Saturday, May 7, 2011

Iconography of the Resurrection – Emmaus – The Recognition

Christ at Emmaus
from a Picture Bible
French, 1190-1200
The Hague, Koninklijk Bibliotheek
MS KB 76 F 5, 
“And it happened that, while he was with them at table,
he took bread, said the blessing, broke it, and gave it to them.
With that their eyes were opened and they recognized him,
but he vanished from their sight.
Then they said to each other, “Were not our hearts burning within us
while he spoke to us on the way and opened the Scriptures to us?”
So they set out at once and returned to Jerusalem
where they found gathered together the Eleven and those with them who were saying,
“The Lord has truly been raised and has appeared to Simon!”
Then the two recounted what had taken place on the way
and how he was made known to them in the breaking of the bread.”
(Luke 24:30-35) Gospel for Third Sunday of Easter, May 8, 2011
 
As discussed in my previous post, images from the journey are scarce, but images of the moment of recognition at the dining table (what came to be called “The Supper at Emmaus”), are numerous and often the work of great painters.


Albrecht Durer, Christ at Emmaus
from Small Passion, 1510
Prior to 1600 there were already images of this scene. Among them are an early 12th century French pictorial Bible from the Benedictine abbey of St. Bertin, now in the Koninklijk Bibliotheek at the Hague KB, 76 F 5 (link) and most importantly, a woodcut from the Small Passion of about 1510 by the German master, Albrecht Dürer, and a painting by the Florentine Mannerist, Jacopo Pontormo, now in the Uffizi Gallery in Florence, dating from 1525.

The French Bible presents the story in its raw essentials. Jesus is depicted seated at the table, between the two disciples, in the act of breaking bread. All three sit on the same side of the table.

The space in Dürer’s image is no more defined than it is in the manuscript painting. But the figures have been rearranged so that the disciples sit at right angles to Christ and the rules of perspective have been applied to the table and the figures. A third figure, presumably the innkeeper, has been added and there is more food on the table. Christ is still shown literally breaking the bread.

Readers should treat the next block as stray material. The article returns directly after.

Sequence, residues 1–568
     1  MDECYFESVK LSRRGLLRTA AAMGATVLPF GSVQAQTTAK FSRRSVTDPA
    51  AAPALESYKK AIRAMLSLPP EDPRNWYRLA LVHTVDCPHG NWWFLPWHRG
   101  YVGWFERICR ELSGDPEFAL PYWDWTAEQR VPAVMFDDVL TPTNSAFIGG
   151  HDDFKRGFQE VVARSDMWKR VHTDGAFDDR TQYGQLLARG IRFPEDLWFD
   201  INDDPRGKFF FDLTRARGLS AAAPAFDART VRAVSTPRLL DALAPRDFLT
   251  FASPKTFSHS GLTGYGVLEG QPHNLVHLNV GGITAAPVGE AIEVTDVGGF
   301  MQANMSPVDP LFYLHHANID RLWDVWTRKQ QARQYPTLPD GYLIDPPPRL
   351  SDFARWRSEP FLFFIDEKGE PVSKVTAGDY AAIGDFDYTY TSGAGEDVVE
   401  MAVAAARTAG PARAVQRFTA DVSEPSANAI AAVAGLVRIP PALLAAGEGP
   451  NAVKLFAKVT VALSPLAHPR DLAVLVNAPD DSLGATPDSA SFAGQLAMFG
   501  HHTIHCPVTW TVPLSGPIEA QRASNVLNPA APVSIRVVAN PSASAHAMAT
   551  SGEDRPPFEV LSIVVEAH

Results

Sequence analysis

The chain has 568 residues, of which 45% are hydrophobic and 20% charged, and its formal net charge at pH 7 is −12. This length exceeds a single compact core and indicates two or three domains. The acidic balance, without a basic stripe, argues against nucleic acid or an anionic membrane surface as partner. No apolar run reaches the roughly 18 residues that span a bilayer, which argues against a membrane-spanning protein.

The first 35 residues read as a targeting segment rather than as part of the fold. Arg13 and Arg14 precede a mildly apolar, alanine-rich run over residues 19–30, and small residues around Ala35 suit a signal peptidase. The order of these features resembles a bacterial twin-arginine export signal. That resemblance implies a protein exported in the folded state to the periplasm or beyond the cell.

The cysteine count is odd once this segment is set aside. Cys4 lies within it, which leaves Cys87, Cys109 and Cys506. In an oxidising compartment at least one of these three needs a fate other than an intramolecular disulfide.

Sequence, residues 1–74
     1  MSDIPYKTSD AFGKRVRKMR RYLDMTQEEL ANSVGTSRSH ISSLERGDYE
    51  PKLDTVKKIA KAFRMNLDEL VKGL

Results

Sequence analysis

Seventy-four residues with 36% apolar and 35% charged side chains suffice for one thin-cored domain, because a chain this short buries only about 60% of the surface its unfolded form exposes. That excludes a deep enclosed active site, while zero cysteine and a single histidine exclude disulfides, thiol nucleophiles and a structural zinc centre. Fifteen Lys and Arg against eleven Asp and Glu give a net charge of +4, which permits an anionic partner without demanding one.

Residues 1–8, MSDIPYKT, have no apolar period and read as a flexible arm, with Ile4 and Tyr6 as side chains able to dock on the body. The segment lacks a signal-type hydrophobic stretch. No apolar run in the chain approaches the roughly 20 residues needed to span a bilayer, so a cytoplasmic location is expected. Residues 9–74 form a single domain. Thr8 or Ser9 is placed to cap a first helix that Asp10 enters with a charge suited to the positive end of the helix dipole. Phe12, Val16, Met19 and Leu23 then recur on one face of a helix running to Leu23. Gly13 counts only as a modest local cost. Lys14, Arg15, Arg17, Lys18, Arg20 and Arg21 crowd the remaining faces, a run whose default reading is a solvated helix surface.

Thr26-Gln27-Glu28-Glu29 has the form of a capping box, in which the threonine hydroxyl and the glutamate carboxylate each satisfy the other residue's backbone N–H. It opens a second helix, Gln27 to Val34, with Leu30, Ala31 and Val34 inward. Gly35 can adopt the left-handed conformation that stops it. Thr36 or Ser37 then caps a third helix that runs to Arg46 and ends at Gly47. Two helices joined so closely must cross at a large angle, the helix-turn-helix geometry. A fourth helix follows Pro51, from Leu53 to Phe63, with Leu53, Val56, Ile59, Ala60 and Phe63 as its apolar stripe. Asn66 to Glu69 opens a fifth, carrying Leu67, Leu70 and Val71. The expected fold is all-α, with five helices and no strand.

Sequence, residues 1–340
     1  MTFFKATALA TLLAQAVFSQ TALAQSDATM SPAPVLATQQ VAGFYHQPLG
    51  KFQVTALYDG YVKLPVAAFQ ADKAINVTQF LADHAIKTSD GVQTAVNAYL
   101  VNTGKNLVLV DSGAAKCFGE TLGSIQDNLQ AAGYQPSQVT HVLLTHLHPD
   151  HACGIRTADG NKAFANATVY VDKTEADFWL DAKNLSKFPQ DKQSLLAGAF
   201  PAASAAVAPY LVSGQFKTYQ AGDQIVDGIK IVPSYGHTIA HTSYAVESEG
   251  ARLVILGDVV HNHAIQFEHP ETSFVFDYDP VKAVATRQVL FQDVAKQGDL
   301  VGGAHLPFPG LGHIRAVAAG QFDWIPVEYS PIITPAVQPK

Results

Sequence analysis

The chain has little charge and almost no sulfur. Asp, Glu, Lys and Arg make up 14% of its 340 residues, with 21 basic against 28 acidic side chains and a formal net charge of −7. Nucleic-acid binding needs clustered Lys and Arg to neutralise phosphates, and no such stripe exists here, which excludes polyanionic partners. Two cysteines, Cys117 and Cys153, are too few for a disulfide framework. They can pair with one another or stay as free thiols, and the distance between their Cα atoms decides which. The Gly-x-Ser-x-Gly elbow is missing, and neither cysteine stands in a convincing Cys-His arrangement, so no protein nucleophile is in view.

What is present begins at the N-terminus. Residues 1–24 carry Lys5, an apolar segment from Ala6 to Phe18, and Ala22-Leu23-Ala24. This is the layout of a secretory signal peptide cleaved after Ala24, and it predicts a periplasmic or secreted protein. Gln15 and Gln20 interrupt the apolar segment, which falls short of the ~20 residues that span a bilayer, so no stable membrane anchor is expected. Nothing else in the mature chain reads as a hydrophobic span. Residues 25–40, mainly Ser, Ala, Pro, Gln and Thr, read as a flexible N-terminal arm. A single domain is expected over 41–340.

Jacopo Pontormo, Christ at Emmaus
Italian, 1525
Florence, Uffizi Gallery
Pontormo’s composition, possibly based on Dürer’s, is a little more complex again. In addition to the two disciples and wait staff Pontormo has added two pious witnesses, who show their astonishment, even before the disciples. Since the painting was commissioned for the Carthusian monastery of Galluzo the witnesses are, no doubt, Carthusian monks. Typically for a Mannerist painter, the figures, especially the Biblical figures, are shown in slightly contorted poses.

More importantly, Christ is shown not actually breaking the bread but apparently blessing it. This gesture would be the one that future works would use most often.

Pontormo has also added a pair of cats and a small dog at the bottom of the picture. One cat peers out from under the chair of the disciple in green, while the puppy and the other cat appear at the extreme left of the bottom of the picture. All the animals look outwards from the picture, at us, and thus draw us into the picture as witnesses also. (The eye in a triangle, a symbol for the presence of God may not be original to the picture, but may have been added later.)